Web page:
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Tuesday, April 23, 2024

Almond orchard recycling a sustainable and beneficial strategy for growing almonds

UC study reveals soil health improvements, increased yields associated with orchard recycling 

Whole orchard recycling of almond trees is a sustainable practice that can significantly increase the productivity and health of subsequent replanted orchards and soil according to a study conducted by UC researchers.  

This practice entails on-site grinding of whole, removed trees and the incorporation of the wood chips back into the almond fields before the next replanting. Brent Holtz, a UC cooperative extension county director and farm advisor in San Joaquin County, has been studying whole orchard recycling for over 10 years. 

Holtz began the first orchard recycling trial site in 2009 at the Kearney Research and Extension Center in Fresno County after seeing the potential benefits of this practice on his own family’s almond farm. The trial had two main treatments, whole orchard recycling on one plot and a separate plot that incorporated ashes from burned trees into the soil.

“We could see that putting the wood chips back on on our farm was improving our soil quality and as that went on several things happened,” Holtz said. “The Clean Air Act caused growers to be restricted on burning their trees and co-generation plants were being built which took farm waste and forestry waste to burn to generate electricity.” 

The stricter air quality regulations were forcing farmers to find alternatives to the common practice of on-site burning of their trees. Farmers still had the option to give their waste to biomass power plants, but in 2015 this all changed. In a shift to renewable energies, utility companies stopped renewing contracts with biomass power plants, causing the shutdown of many plants.

“Growers needed an alternative option to co-generators so there was a sort of biomass crisis so I published an article in a magazine that most growers read and that’s when I started getting more attention because they needed an alternative practice,” Holtz said.

Over the last five years, Holtz has continued the field site in Fresno with additional help from Amélie Gaudin, an associate professor of agroecology in the department of plant sciences. With data reaching back almost 10 years, they have collected substantial long term data showing the many benefits of whole orchard recycling. 

In terms of soil health, the researchers found a 58% increase in soil carbon as well as a 32% increase in water holding capacity compared to conventional burning practices. Overall productivity of the trees increased by 20% as well.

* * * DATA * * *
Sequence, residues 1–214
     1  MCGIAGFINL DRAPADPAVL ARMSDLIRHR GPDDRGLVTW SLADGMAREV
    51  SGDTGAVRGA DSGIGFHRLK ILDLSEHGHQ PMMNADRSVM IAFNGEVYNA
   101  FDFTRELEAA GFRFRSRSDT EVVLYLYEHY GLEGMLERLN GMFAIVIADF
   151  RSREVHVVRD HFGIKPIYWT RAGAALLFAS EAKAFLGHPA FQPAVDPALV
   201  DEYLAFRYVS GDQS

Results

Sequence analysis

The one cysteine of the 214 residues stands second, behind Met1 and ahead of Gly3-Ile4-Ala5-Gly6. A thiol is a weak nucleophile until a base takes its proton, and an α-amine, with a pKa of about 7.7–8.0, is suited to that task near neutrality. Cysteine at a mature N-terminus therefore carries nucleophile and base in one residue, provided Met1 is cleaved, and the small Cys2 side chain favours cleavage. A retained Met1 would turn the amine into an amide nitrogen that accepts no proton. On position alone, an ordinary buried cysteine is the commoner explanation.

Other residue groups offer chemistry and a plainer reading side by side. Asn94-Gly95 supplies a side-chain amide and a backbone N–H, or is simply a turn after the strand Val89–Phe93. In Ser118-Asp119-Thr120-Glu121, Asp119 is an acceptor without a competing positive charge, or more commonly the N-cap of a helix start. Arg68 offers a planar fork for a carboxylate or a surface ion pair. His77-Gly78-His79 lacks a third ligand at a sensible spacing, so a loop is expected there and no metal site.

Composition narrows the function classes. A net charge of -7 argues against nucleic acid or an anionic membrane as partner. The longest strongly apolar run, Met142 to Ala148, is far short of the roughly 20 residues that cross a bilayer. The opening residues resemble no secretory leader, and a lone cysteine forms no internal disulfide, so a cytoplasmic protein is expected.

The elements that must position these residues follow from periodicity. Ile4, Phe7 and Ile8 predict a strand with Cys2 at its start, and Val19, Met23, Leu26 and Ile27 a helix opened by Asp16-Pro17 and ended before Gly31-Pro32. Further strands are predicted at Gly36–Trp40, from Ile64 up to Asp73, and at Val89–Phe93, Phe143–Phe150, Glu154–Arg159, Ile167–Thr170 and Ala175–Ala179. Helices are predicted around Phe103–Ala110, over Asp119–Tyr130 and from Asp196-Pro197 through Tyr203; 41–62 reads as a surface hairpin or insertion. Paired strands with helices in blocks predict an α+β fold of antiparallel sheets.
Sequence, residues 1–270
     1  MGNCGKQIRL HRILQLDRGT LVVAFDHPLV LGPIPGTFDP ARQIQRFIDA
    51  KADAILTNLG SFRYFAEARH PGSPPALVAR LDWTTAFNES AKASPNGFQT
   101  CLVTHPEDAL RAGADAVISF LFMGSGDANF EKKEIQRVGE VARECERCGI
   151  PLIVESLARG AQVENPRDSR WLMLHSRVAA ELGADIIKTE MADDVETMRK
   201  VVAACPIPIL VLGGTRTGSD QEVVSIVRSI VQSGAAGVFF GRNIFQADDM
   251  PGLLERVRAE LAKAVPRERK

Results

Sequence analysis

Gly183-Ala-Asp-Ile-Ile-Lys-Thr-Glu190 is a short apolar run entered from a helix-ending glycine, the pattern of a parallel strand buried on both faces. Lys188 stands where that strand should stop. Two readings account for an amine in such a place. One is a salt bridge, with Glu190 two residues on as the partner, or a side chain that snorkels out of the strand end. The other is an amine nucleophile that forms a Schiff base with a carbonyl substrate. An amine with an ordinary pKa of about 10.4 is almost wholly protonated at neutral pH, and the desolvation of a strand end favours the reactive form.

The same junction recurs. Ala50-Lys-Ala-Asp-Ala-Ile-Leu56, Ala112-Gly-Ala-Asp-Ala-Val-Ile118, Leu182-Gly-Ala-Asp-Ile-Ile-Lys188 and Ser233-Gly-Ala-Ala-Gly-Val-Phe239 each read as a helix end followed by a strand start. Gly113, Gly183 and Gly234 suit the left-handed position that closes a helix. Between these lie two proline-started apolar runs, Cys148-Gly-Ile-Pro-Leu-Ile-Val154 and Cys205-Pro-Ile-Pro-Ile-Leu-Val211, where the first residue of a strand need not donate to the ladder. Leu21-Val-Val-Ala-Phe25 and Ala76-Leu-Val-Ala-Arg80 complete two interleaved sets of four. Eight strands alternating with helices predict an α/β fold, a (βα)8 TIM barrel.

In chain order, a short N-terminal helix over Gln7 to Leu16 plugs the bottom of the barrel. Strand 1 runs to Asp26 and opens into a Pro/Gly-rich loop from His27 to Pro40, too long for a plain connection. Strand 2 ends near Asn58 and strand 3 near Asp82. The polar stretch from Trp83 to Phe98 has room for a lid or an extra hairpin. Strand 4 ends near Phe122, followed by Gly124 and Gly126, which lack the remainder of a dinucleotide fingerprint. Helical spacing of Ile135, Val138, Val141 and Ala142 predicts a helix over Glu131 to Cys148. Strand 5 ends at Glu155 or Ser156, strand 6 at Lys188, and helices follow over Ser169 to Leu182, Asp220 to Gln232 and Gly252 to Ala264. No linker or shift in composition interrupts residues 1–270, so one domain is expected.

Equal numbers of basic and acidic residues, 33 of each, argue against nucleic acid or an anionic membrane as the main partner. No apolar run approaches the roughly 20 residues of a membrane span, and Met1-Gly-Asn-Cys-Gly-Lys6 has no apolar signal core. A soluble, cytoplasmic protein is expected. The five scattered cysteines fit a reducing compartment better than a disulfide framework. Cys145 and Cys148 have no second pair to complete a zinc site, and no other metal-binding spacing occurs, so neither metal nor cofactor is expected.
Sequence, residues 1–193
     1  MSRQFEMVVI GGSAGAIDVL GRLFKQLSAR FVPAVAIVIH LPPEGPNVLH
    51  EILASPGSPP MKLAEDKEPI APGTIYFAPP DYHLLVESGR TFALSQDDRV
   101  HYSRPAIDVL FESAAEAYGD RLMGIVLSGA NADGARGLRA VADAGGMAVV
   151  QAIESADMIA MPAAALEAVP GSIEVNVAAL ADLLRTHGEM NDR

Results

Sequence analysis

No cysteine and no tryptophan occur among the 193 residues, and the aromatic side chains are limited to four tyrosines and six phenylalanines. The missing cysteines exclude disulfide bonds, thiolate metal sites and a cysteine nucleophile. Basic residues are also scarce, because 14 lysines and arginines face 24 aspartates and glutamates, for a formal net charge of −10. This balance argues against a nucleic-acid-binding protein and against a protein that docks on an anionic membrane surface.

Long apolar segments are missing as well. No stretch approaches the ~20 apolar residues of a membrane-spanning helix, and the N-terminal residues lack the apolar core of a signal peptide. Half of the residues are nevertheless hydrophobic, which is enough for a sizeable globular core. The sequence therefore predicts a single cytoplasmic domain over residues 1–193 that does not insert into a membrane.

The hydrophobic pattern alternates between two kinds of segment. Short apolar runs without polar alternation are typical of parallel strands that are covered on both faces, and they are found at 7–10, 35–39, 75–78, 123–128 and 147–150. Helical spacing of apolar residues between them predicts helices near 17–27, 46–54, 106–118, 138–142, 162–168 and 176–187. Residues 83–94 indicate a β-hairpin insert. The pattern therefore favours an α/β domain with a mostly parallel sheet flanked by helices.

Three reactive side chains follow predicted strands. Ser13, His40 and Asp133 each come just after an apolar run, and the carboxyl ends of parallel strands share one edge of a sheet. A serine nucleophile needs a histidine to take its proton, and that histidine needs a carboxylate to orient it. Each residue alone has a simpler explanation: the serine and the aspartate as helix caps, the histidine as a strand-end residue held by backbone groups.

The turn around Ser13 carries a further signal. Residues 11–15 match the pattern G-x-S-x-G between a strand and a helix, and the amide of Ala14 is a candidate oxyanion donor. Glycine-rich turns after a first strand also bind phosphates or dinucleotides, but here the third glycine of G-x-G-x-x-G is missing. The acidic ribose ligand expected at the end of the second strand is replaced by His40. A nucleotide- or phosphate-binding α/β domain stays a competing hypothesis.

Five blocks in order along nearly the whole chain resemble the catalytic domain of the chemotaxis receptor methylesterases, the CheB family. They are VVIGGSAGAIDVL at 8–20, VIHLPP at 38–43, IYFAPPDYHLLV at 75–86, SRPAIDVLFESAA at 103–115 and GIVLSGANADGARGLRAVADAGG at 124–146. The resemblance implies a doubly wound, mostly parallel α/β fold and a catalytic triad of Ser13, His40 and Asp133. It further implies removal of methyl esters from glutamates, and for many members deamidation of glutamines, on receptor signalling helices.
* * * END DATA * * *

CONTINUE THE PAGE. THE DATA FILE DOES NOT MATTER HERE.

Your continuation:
As droughts and variable weather patterns occur more often in California, the increased water holding capacity of the soil proves to be highly beneficial. Higher water holding capacity allows the soil to retain more water during heavy and wet winters providing extra support during the dry months that may follow. Additionally, increased water holding capacity allows farmers to lower the amount of water they demand for irrigation. 

“The soil will be able to absorb the water rather than having it running off site because of the better soil condition,” Gaudin said. “The soil is less compacted and more porous which helps recharge the groundwater as well.” 

While the cost of whole orchard recycling is $1,000 per acre and more expensive than purchasing permits for the burn method, the benefits of increased yield and soil health provide incentive for growers.  

“Whole orchard recycling is expensive but when research came out that it was better for their soils and had increased yields, growers became very interested,” Holtz said. 

Additionally, last year the California Department of Food and Agriculture began the Healthy Soils program, which provides growers with funding to support their own implementation of whole orchard recycling. The benefits of this practice span even further than just soil health, since its use has the potential to decrease a grower’s contribution to climate change. By preventing the burning of trees, large amounts of carbon are not being added directly into the atmosphere. 

“When you take all this wood and burn it, all of the carbon trapped is released back into the atmosphere,” said Kelsey Brewer, a postdoctoral student in the soils and biogeochemistry graduate group. “When we bury the wood into the soil, some carbon will decompose and then some carbon will long-term stay sequestered in the soil.” 

Soil is one of the largest carbon sinks on earth and the opportunity for farmers to add this immense amount of carbon to the soil does not come often. Growers typically remove their orchards every 25 to 30 years, so Holtz sees this as a special chance to increase the carbon in soils. 

“The huge thing is that our soils in California and especially in San Joaquin County tend to be very low in organic matter,” Holtz said. “Most times, growers plant their trees and add synthetic fertilizers. They typically don’t add a lot of organic matter back to their soil, so this is a once-in-a-20-years opportunity.”  

Over the next decade, 30,000 to 40,000 acres of almond orchards will be removed each year, according to the Almond Board of California. The researchers hope that widespread adoption of whole orchard recycling will occur and allow for increases in soil health and carbon sequestration across the state. 

Written by: Alma Meckler-Pacheco — science@theaggie.org 


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